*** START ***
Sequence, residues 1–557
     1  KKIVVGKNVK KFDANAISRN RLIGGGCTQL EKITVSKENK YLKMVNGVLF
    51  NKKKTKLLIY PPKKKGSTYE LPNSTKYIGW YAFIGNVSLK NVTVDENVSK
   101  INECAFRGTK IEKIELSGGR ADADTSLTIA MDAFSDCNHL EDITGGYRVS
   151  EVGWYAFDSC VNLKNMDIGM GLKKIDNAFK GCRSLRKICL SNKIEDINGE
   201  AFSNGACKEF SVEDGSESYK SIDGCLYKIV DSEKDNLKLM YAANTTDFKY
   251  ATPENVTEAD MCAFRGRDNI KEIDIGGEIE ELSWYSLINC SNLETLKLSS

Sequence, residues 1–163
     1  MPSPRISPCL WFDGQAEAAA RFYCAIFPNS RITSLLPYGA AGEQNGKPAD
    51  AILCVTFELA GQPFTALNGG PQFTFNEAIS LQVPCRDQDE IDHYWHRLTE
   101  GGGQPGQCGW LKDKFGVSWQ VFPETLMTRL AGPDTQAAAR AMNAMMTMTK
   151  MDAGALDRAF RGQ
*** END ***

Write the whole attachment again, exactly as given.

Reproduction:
Sequence, residues 1–557
     1  KKIVVGKNVK KFDANAISRN RLIGGGCTQL EKITVSKENK YLKMVNGVLF
    51  NKKKTKLLIY PPKKKGSTYE LPNSTKYIGW YAFIGNVSLK NVTVDENVSK
   101  INECAFRGTK IEKIELSGGR ADADTSLTIA MDAFSDCNHL EDITGGYRVS
   151  EVGWYAFDSC VNLKNMDIGM GLKKIDNAFK GCRSLRKICL SNKIEDINGE
   201  AFSNGACKEF SVEDGSESYK SIDGCLYKIV DSEKDNLKLM YAANTTDFKY
   251  ATPENVTEAD MCAFRGRDNI KEIDIGGEIE ELSWYSLINC SNLETLKLSS

Sequence, residues 1–163
     1  MPSPRISPCL WFDGQAEAAA RFYCAIFPNS RITSLLPYGA AGEQNGKPAD
    51  AILCVTFELA GQPFTALNGG PQFTFNEAIS LQVPCRDQDE IDHYWHRLTE
   101  GGGQPGQCGW LKDKFGVSWQ VFPETLMTRL AGPDTQAAAR AMNAMMTMTK
   151  MDAGALDRAF RGQ